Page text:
Count finds 100 people living without a home in Kamloops | iNFOnews | Thompson-Okanagan's News Source

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Count finds 100 people living without a home in Kamloops

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November 18, 2016 - 4:38 PM

KAMLOOPS - In Kamloops there are about 100 homeless people, according to recently completed survey.

Volunteers with a point-in-time count conducted the survey on the streets of the city Oct. 13. The 100 people who said they were homeless were couch surfing, staying at community shelters or sleeping in parks or alleys. The count coordinator, Brad Serl, says that number is "fairly average" for Kamloops, but does follow a worrying trend.

“The number of people who identify as being homeless is still going up,” he says. “We’re not having as much success as we would like."

The count, done over a short period of time to create a snapshot of the city’s homeless population, caught some consistencies. Almost three quarters of the homeless population are men, 75 per cent have been in Kamloops for more than a year and housing affordability is the most common reason a person winds up homeless.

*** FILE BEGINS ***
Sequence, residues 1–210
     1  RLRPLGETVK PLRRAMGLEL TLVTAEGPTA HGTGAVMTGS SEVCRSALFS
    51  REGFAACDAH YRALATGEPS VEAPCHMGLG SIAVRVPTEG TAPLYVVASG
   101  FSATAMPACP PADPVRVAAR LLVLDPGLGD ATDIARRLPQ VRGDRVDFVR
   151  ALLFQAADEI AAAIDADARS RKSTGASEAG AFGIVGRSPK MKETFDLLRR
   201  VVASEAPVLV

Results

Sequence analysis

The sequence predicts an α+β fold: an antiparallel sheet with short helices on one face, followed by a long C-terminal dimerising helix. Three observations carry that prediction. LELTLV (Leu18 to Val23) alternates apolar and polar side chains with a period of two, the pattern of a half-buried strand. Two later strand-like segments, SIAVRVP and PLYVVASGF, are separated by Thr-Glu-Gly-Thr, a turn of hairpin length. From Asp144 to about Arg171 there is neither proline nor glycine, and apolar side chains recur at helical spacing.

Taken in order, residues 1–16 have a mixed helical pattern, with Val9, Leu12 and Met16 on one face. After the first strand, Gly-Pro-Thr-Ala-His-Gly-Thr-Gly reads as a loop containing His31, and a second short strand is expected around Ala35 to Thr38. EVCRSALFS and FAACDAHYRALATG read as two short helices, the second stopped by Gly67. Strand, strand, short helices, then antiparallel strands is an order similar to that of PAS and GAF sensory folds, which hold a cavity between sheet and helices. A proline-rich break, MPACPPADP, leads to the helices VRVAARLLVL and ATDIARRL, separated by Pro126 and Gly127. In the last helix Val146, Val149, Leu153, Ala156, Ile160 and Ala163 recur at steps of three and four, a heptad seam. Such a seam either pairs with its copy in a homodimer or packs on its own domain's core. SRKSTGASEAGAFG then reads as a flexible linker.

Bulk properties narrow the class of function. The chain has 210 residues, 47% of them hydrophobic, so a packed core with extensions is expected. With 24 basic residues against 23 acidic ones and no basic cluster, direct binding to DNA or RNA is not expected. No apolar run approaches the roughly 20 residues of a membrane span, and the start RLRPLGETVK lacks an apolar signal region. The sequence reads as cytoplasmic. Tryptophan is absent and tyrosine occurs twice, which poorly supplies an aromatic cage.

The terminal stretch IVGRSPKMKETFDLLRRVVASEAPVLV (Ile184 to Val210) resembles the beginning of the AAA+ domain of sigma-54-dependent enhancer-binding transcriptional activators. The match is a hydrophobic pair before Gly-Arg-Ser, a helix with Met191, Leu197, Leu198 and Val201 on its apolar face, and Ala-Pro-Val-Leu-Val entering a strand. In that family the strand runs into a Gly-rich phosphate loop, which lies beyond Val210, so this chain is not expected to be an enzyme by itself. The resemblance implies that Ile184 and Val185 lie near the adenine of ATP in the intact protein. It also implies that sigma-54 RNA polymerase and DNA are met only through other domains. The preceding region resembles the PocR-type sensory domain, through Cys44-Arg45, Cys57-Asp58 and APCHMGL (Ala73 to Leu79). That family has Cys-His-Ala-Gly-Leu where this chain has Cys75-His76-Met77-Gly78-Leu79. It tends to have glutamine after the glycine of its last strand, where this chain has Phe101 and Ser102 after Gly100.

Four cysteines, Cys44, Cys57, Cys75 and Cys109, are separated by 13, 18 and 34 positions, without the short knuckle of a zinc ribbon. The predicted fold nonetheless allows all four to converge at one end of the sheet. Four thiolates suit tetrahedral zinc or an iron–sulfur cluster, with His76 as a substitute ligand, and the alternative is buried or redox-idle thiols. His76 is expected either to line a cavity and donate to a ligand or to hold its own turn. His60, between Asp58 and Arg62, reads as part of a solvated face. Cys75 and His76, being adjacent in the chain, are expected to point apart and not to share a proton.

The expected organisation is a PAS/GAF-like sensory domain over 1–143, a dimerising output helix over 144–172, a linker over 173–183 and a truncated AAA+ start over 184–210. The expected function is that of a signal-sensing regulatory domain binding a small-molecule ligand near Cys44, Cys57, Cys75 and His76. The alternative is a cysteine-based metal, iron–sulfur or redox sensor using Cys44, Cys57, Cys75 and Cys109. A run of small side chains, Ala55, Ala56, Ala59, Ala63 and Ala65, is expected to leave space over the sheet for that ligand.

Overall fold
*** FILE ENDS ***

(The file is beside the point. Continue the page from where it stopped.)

The most worrying statistic Serl saw was how young the oldest people were. The oldest male spoken to was 64 and the oldest woman was 55, and Serl thinks this could point to a hugely decreased average life-span for the province’s homeless population, but cautions that Kamloops is a small sample size.

“The average life expectancy for men is 80 and 84 for women, and we were 15 years shy on that for men, and 30 years shy on that for women," he says. “If other homeless counts that are done start coming up with findings that are similar to this we can start triangulating.”

Income issues were paired with housing affordability, with welfare and disability assistance the main source of income for 82 per cent of the survey’s respondents. With housing stipends of $375 Serl points out that in Kamloops, that’s often not enough to make ends meet.

“The minimum price for housing was $750,” he says. “Most places are $800 and above.”

The count did not include youth. A second report is being produced to look specifically at the city’s homeless youth population.

To contact a reporter for this story, email Brendan Kergin or call 250-819-6089 or email the editor. You can also submit photos, videos or news tips to the newsroom and be entered to win a monthly prize draw.

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